Rather than focus solely on the problem of corruption in Latin America, Miguel Tinker Salas offers a complex portrait of Venezuela’s history that counters the common media portrayal of the country as an adversary of the U.S. Venezuela: What Everyone Needs to Know (Oxford, 2015), provides a concise, engaging history of the country with keen attention to how oil impacted both culture and politics. Tinker Salas demonstrates how Venezuela proved different from Brazil, Mexico, and the rest of Latin America in a variety of ways:
- Oil was the main product that Venezuela produced, and the government relied on the profits from its sales to fund social programs.
- Venezuelan leaders didn’t emphasize the racial and ethnic diversity of its citizenry (p. 14).
- The rich petroleum deposits often obscured the deep economic and racial inequalities in Venezuela leading to a portrayal of all Venezuelans as unified and wealthy (p. 15).
With the election of President Hugo Chavez in 1999, Tinker Salas writes, “Venezuela became everything they had attempted to negate” (p. 19). Venezuela appeared too similar to other Latin American countries because they were now “led by a mixed-race, charismatic ex-military officer” who sought to “improve conditions for the poor” as well as encourage them to “participate as full-fledged citizens” in this new vision for the nation (p. 19).
Venezuela came to set the tone for discussions of public policy. Policies the country proposed – “nationalist energy policy, multipolar international relations, regional integration, food security, and national sovereignty” – emerged as essential to the “mainstream political discourse” in Latin America (p. 17). In 2007, the US Ambassador to Chile held up Venezuela as a model for what Latin America could become even though the relationship between the U.S. and Venezuela continues to be fraught and tense.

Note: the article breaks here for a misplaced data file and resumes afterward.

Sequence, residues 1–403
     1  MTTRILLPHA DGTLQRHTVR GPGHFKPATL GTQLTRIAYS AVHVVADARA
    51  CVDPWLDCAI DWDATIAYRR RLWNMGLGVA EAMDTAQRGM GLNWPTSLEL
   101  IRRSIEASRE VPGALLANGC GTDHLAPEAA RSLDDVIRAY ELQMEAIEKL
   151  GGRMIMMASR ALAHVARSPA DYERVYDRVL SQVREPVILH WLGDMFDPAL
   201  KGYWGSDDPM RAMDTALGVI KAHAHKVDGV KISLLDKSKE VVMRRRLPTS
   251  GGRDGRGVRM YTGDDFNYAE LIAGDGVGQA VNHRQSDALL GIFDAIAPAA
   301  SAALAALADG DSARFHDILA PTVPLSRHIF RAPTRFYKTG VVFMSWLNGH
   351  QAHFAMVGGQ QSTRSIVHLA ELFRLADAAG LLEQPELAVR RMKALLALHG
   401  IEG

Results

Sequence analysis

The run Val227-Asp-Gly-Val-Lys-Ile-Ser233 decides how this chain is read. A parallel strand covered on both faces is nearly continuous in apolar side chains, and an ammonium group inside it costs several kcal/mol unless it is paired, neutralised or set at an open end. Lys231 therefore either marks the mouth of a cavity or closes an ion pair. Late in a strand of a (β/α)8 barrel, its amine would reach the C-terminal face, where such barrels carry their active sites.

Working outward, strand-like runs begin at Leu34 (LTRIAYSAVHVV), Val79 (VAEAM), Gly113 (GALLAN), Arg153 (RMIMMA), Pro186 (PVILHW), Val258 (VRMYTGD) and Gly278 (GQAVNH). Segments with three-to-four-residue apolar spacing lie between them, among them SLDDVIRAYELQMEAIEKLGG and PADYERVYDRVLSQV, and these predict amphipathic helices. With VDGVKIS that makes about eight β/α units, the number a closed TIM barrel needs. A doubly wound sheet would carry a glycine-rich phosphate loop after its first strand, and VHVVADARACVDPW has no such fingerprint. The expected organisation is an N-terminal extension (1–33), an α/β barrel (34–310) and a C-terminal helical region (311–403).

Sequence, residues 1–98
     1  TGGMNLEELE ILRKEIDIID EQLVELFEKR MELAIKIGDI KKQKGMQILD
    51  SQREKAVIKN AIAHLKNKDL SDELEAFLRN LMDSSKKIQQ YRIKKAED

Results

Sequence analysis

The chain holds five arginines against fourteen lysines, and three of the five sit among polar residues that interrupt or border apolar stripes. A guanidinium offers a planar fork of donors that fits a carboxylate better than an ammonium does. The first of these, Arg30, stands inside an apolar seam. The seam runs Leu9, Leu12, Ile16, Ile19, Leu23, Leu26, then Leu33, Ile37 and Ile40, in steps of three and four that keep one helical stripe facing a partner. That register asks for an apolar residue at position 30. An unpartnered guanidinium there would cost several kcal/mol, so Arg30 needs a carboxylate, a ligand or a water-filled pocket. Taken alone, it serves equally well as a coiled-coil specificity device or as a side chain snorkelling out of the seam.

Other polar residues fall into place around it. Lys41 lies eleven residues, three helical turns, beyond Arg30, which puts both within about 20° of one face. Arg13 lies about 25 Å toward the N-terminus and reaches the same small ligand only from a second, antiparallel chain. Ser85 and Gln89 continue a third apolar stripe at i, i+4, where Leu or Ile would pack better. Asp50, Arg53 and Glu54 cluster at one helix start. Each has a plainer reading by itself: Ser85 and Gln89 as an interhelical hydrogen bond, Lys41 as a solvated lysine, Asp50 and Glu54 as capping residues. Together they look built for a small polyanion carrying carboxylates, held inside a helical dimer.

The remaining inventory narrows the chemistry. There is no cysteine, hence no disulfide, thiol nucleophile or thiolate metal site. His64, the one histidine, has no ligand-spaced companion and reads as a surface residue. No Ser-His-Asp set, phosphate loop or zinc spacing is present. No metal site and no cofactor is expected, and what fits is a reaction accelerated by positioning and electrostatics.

Yet, Venezuela also suffered from the corruption present in Brazil and the rest of Latin America. Despite the country’s progress, there was still military interference in the government (including a failed military coup against Chavez in 2002) and other forms of corruption including a lack of checks and balances on the president’s power.
Michael McCarthy of the Washington Post recently proclaimed that Venezuela is a “powder keg” because of an impending economic crisis due to falling oil prices since 2013. Relying on oil, writes McCarthy, led Venezuela to not develop other parts of the economy or fight corruption, both of which might have helped to stall their current economic woes.
While corruption tends to dominate media portrayals of Brazil and Latin America, Rodanthi Tzanelli considers Brazil’s presence on the global stage and the hosting of mega-events, particularly the 2014 World Cup. In Socio-Cultural Mobility and Mega-Events (Taylor and Francis, 2015), Tzanelli theorizes what hosting a mega-event like the World Cup does for the host country.
What did Brazil gain from hosting the World Cup?
- Brazil claimed a prominent and visible position in our increasingly globalized world.
- A mega-event, Tzanelli writes, demonstrated that Brazil “ranked amongst the world’s political and economic leaders” (p. 4).
- The World Cup was an opportunity for Brazil to prove “to others that Brazilian culture holds the key to world progress and global mobilities (of talent, technologies and art styles)” (p. 24).
- Brazilian identity, crafted by Brazilians, was on display in both the spectacle of the World Cup and in how the Brazilian soccer team played matches.
- The World Cup made Brazil appear modern, advanced, and prepared, counter to the portrayals of Latin America that focused on poverty, crime, and corruption.
Tzanelli takes an in-depth look at the spectacle Brazil created for this particular mega-event. Corruption is not the pressing concern of Socio-Cultural Mobility and Mega-Events, but rather theorizing the importance of mega-events for the countries that host them.
Tzanelli’s concept of the mega-event could easily be applied to the Olympics too. Hosting the Olympics is a method for Brazil (and Latin America) to show the world what they think their country and region really are. To represent what they imagine Brazil to be.
In this particular mega-event, Brazil shows the world what matters to the nation.
Brazil is a complex nation, a democracy still in progress working toward solutions for corruption. The same could be said of Latin America as a whole. Political corruption emerges as a part of the region’s past and present, as these three books show, it will not necessarily be a part of the region’s future.